Monday, 31 January 2011

Unintended consequences

The hazards of smoking to health have now been recognised for over 50 years and I am amazed that the practice is still going strong. The prevalence of smoking seems to have levelled off at a little over 20% in the UK and various measures such as the smoking ban in public places, and high taxation seem to have little deterrent effect on this last hard core.

The tobacco companies have long been in denial about these health hazards but initially they thought that cigarettes could be made safer by the use of filter tips, invented in the early fifties.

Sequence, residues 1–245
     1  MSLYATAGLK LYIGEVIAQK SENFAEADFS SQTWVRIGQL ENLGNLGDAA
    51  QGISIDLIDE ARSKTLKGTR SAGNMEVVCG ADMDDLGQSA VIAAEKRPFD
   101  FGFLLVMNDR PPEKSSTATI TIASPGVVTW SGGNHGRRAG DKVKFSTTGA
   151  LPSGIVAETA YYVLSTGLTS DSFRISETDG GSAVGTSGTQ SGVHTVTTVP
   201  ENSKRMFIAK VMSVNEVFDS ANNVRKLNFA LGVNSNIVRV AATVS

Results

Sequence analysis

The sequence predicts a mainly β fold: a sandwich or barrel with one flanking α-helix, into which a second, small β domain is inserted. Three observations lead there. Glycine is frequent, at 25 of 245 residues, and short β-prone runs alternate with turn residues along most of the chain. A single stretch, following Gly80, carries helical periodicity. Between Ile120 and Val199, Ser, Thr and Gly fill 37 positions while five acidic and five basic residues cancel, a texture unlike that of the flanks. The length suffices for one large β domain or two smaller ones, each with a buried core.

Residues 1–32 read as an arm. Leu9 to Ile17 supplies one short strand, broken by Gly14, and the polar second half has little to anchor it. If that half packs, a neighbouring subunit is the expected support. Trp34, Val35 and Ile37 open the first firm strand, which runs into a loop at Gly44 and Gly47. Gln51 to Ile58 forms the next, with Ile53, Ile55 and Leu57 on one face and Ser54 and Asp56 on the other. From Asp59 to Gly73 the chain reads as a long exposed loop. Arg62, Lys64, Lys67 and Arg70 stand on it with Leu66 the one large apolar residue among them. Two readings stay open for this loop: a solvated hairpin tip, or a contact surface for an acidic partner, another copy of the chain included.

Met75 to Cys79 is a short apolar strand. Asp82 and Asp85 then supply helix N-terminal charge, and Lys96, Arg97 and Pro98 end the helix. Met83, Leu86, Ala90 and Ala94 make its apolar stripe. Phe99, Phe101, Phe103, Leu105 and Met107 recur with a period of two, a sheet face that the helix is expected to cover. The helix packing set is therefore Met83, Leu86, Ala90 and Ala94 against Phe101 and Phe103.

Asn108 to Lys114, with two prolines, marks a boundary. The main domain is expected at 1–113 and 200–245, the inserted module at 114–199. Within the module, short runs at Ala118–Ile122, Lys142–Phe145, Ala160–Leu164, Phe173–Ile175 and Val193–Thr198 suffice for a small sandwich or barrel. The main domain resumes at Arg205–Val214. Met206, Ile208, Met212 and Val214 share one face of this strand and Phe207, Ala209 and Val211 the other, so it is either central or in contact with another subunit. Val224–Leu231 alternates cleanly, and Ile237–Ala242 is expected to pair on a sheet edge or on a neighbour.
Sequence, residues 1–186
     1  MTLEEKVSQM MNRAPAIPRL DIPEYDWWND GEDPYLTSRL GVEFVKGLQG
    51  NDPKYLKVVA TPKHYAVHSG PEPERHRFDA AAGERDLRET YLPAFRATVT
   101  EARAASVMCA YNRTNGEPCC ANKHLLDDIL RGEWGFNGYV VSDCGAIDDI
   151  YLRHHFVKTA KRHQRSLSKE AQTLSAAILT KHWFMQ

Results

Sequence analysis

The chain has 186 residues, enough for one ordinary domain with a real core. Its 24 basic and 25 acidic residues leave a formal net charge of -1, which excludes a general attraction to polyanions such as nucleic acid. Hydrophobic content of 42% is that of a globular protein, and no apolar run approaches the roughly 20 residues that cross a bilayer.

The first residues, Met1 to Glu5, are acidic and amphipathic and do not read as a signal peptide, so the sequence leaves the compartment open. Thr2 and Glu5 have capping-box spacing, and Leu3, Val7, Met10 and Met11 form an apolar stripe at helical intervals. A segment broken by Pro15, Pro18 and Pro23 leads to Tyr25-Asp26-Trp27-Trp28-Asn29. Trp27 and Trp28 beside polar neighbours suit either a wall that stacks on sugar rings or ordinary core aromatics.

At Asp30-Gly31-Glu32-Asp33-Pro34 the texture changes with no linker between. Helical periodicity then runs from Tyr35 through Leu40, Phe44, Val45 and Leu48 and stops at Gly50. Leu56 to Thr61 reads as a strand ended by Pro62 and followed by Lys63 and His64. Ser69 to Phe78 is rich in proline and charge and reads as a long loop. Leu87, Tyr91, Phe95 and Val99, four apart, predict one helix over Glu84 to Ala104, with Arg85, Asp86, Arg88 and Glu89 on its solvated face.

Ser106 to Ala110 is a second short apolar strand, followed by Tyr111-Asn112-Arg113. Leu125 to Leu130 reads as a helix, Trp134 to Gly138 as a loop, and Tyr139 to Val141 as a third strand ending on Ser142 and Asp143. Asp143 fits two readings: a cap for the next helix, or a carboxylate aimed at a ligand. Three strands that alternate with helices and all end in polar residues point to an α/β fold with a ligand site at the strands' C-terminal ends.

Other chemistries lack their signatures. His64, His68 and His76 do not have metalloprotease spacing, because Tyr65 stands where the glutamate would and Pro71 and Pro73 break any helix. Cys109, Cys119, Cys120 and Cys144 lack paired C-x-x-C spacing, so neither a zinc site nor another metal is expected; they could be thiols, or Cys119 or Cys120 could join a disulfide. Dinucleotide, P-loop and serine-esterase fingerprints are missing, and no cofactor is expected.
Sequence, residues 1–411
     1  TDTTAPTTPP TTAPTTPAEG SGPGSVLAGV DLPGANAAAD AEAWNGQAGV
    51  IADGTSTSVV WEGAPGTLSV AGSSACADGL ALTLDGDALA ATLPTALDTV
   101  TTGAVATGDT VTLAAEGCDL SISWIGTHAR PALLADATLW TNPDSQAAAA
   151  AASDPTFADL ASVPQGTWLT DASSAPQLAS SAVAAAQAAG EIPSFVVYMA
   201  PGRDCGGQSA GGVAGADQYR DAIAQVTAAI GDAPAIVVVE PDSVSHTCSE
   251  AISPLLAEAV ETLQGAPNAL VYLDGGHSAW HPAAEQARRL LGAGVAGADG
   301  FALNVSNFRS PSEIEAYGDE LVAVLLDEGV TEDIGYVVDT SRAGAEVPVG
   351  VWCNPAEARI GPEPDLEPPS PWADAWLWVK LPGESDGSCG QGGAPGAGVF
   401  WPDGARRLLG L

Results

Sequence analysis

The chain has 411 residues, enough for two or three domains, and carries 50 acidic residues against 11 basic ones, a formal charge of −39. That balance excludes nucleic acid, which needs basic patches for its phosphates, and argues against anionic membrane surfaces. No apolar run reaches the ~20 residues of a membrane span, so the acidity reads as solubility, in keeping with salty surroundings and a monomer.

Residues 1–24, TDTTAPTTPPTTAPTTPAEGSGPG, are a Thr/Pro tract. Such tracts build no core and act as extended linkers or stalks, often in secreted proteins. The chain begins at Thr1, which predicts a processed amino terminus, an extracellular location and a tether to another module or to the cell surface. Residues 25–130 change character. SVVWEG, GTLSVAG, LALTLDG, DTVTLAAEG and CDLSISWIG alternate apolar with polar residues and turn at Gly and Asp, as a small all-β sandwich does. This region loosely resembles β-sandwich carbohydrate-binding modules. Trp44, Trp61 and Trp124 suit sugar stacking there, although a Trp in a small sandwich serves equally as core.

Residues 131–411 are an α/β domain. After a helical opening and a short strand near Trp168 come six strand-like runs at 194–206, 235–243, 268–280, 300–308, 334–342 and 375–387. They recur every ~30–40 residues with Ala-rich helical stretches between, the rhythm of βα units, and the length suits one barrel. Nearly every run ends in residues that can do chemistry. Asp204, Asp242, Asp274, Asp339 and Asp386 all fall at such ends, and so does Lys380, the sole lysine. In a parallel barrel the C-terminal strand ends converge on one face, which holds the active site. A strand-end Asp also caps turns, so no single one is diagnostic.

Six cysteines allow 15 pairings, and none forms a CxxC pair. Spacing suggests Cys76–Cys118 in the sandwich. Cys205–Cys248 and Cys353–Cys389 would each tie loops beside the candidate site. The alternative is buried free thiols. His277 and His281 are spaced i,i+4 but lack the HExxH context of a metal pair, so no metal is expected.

Here is a typical example of an ad of the day assuring consumers that their “micronite” filter afforded a degree of protection against the hazards of smoking.

Kent cigarettes used this type of filter tip for about five years, on a total of 13 billion cigarettes. Unfortunately the micronite filter was made, among other things, of 30% crocidolite, also known as blue asbestos. If we want to further reduce the number of smokers in the population, perhaps we should reintroduce these.

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